ARLINGTON – To narrow the health disparities between minorities and White populations battling diabetes, HIV, prostate cancer and other diseases, the country must develop models of universal health care systems, train doctors to be culturally competent and extend access to high-quality health care to low-income and minority communities, said Dr. Chidi Achebe, president and CEO of Harvard Street Neighborhood Health Center, during a workshop at the 59th annual American Medical Student Association national convention.
Medical students from across the country and abroad huddled into a small conference room to discuss what organizers called the most prevalent civil rights issue of the decade – the stark health disparities that exist between minority and White populations.
Deluging his audience with familiar statistics, Achebe, son of famous Nigerian author Chinua Achebe, reminded students that the life expectancy for racial minorities was shorter than that of their White counterparts, although the gap between Whites and Blacks in the United States has narrowed over the last decade, according to a study published in the Journal of the American Medical Association.
The life expectancy of Black men, for instance, is 60 years – the shortest among any group – while White men usually live about six years longer than Black men.
“A Black male in Cuba can expect to live longer than a Black male living here,” Achebe said.
Focusing mainly on African-American populations and their White counterparts to illustrate disparities, Achebe noted that African-American males have the highest prevalence of prostate cancer in the world. Black men are almost twice as likely to develop prostate cancer as White men. Black males are also five times more likely than Whites to die of HIV. And obesity occurs at a much higher rate in minority populations, particularly among Blacks and Latinos.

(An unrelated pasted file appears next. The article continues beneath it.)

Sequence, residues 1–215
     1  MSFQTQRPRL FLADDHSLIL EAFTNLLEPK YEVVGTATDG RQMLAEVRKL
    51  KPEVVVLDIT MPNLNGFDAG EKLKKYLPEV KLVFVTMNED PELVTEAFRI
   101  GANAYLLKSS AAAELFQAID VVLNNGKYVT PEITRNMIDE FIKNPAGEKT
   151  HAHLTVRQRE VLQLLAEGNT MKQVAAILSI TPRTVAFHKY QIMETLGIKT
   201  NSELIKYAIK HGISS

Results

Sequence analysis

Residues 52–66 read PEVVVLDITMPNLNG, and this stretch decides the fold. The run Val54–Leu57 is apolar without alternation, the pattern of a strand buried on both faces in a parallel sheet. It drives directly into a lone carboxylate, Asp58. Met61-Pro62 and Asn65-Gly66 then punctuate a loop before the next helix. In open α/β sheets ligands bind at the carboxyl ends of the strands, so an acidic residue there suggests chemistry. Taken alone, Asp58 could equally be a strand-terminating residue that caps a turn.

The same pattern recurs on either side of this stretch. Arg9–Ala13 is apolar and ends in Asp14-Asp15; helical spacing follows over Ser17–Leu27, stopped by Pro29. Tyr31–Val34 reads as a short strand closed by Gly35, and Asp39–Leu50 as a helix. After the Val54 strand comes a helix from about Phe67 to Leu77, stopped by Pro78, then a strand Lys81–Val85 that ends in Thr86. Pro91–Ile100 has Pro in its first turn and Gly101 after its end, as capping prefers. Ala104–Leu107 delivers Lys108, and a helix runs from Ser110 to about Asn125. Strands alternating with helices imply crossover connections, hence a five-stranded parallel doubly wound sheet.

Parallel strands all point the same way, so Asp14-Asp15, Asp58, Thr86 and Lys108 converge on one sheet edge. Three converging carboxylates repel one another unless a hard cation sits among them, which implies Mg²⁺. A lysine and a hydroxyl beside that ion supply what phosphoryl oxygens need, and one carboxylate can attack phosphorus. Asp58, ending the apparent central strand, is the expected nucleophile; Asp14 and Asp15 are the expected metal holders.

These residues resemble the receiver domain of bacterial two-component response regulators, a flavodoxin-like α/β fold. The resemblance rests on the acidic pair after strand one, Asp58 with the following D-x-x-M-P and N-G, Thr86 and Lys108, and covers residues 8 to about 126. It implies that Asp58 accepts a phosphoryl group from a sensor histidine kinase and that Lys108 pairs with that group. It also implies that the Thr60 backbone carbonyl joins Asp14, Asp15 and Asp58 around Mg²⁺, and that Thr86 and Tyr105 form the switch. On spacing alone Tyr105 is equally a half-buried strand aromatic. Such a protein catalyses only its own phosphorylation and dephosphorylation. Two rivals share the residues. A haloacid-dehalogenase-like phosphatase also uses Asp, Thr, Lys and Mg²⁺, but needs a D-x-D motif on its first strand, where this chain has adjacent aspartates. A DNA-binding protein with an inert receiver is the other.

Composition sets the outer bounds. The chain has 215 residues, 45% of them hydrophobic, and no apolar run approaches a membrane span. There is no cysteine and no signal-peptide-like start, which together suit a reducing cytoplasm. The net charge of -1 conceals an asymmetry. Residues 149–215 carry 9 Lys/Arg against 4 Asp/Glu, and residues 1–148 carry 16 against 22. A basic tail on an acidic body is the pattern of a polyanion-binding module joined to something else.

Achebe told the future physicians that narrowing disparities is not just about medicine or personal skill. It is understanding the role political, social, economic and cultural factors play in a community’s ability to access health care, Achebe said.
Achebe, whose organization serves the Boston neighborhoods of Roxbury, Dorchester and Matapan, meets regularly with local government officials to advocate for the resources his community needs – not just in terms of health care but in terms of education and employment and housing.
All of those things, said Achebe, are indirectly related to health care access.
Achebe also noted he is constantly asking government officials for “more open space for our children to play.”
“We need more gyms and YMCAs,” Achebe said. “If you go to inner cities across this country, you will find that, on almost every single street, there is a liquor store and a fast food restaurant. When I was at Harvard, in Cambridge, we had an open market on Saturdays for vegetables – fresh carrots and lettuce cheaply.”
Achebe added, “In Dorchester [a predominately Black neighborhood of Boston], you can get a Happy Meal from McDonald’s for $1.99.”
Stephanie Price, a first-year medical student at Loyola University in Chicago, was eager to attend the workshop. “Loyola does not do a fantastic job of addressing cultural competence and health disparities,” she said. “I am working with other students to get these health disparities integrated in the curriculum.”
In terms of addressing the seemingly never-ending health disparities, Price said, “My response is to take action. We cannot be stifled by the daunting statistics.”
Achebe noted that physicians do not have to be Black, Hispanic or Asian to address disparities.
“Most of the people who work in my community health center happen to be Anglos. The chief of [gynecology] is one of the most culturally competent doctors I know,” Achebe said.
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